Yesterday I arrived in Hong Kong and, despite being extremely tired - I had slept for only one hour and a half in two days -, after leaving my stuff at the hostel I immediately went to see how Occupy Central had transformed the city centre.  However, I was way too exhausted and hungry to go to Central, so I just had a look at the Causeway Bay site of the protest, which is quite close to where I'm currently staying. The 'Occupiers' have by now settled permanently in some limited areas, one of them being a section of  Hennessy Road , formerly a bustling traffic artery, now turned into a sort of 'encampment' with tens, colourful pictures, collages and posters. Actually, Hennessy Road has never been as beautiful as it is today, and the occupation does not seem to affect shops or normal life. The only thing it has affected is traffic, but, well, does Hong Kong really desperately need more cars and pollution?  The atmosphere is quiet right now, and very lit

Debunking Beijing's Accusations that Hong Kong's Umbrella Revolution is Fomented by 'Foreign Forces'

" The Chinese revolution is a key factor in the world situation and its victory is heartily anticipated by the people of every country, especially by the toiling masses of the colonial countries ," said Mao Zedong in a July 1936 interview . " When the Chinese revolution comes into full power, the masses of many colonial countries will follow the example of China and win a similar victory of their own… "  According to Mao, the Communist-led Chinese revolution was part of the " world revolution " directed against " anti-imperialist and anti-feudal " forces ( On New Democracy , January 1940). " Marx, Engels, Lenin and Stalin " had given the revolutionary avant-garde a weapon. " This weapon is not a machine-gun, but Marxism-Leninism ", he explained ( On the People's Democratic Dictatorship , June 1949).  Faithful to his ideology, Mao not only accepted the help and guidance of the Soviet Union, but he also helped &quo

The Hong Kong Government Calls Off Talks With Student Leaders

At a press conference this evening Carrie Lam , Hong Kong's Chief Secretary, was supposed to announce the details of the talks between government representatives and student leaders which were scheduled for tomorrow. Instead, she surprisingly declared that the administration had decided to cancel the meeting altogether.  “ The talk is based on two conditions , " she said. " First the discussion must be within the framework of the decision made by the National People’s Congress Standing Committee . Second it must not be linked to the Occupy movement . Unfortunately, the protesters rejected the rational proposal and went back to their old position. " They now insist on public nomination and to abolish the decision made by the NPCSC . They also link the dialogue with the Occupy movement and even said the movement would last until the talks produce a result [they want] . This is sacrificing public good for their political demands, and is against public interes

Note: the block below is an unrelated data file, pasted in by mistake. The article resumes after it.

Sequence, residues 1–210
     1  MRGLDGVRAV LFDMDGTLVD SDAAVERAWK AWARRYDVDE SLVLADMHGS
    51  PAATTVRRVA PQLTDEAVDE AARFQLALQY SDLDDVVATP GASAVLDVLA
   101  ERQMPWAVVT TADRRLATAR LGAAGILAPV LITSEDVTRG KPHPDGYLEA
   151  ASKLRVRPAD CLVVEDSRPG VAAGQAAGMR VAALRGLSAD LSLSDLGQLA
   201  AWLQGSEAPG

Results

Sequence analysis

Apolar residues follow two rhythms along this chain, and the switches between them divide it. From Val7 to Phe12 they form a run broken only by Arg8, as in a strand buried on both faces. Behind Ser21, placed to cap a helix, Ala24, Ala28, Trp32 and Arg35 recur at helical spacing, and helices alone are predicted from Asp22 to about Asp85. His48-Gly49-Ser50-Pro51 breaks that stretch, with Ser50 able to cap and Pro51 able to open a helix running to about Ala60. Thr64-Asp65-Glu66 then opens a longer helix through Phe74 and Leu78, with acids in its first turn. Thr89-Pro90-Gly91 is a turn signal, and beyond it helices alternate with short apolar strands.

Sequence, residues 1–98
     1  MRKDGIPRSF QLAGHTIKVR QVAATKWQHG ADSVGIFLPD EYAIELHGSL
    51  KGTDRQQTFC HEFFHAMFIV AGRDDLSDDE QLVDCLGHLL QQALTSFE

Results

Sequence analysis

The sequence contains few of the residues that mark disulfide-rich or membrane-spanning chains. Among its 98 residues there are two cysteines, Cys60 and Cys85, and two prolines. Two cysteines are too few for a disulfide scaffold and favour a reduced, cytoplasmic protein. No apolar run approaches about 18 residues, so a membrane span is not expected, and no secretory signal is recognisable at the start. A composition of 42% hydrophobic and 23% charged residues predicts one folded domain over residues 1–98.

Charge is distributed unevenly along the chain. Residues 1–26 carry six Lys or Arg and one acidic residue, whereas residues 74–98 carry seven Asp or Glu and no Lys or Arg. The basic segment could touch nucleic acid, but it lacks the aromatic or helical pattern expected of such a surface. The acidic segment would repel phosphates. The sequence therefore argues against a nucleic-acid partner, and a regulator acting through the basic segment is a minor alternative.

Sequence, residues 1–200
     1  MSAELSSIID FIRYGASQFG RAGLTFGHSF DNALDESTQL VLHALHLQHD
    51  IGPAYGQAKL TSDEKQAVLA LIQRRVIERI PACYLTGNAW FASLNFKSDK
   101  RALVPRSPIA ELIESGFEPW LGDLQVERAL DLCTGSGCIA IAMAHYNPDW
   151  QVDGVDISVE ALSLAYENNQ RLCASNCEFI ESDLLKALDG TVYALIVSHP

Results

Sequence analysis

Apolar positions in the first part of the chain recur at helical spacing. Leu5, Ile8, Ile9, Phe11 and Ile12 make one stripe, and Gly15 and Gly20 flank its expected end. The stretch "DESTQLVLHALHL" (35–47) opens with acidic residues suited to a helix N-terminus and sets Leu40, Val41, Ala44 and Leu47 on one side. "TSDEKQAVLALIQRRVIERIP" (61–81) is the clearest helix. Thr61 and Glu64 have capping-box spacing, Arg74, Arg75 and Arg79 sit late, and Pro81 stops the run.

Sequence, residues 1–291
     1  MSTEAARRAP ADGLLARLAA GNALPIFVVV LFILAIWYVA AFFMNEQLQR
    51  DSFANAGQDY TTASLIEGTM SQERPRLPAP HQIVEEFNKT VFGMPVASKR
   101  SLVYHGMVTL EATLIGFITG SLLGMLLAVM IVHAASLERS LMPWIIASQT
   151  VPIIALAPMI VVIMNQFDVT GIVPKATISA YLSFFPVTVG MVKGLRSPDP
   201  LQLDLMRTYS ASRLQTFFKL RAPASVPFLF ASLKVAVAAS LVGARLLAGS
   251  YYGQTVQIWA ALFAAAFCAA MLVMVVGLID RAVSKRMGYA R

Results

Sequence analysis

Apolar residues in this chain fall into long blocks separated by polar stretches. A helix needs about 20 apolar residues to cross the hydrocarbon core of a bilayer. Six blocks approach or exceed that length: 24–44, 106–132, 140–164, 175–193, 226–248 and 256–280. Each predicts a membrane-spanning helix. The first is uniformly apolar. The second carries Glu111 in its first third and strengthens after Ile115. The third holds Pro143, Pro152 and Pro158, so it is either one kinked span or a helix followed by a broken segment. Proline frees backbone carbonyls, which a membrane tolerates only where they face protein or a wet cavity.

Occupy Central Updates: CY Leung Accused of Pocketing Money From Australian Firm, University Lecturer Attacked by 'Patriotic' Mainland Chinese Student, and other news

According to The Age , an Australian newspaper, Hong Kong's Chief Executive Leung Chun-ying   received a HK$49.9 million payout from an Australian firm. Leung did not disclose the sum when he assumed office in 2012, claims the newspaper.

What if Beijing Granted Hong Kong Genuine Universal Suffrage?

Over the past few years, a battle has erupted in Hong Kong over the future of the former British colony which was handed over to the People's Republic of China (PRC) in 1997 and became a Special Administrative Region (SAR). According to the "One Country, Two Systems" model proposed by Deng Xiaoping, Hong Kong was to maintain a high degree of autonomy as well as the freedoms inherited by the colonial state.  According to the Basic Law  of the SAR, promulgated in 1990 by the PRC government and put into effect after the handover, the Chief Executive of Hong Kong " shall be the head of the Hong Kong Special Administrative Region and shall represent the Region ". He " shall be accountable to the Central People's Government and the Hong Kong Special Administrative Region in accordance with the provisions of this law ."  The function of Chief Executive basically replaced that of the British governor in colonial times. But while the governor was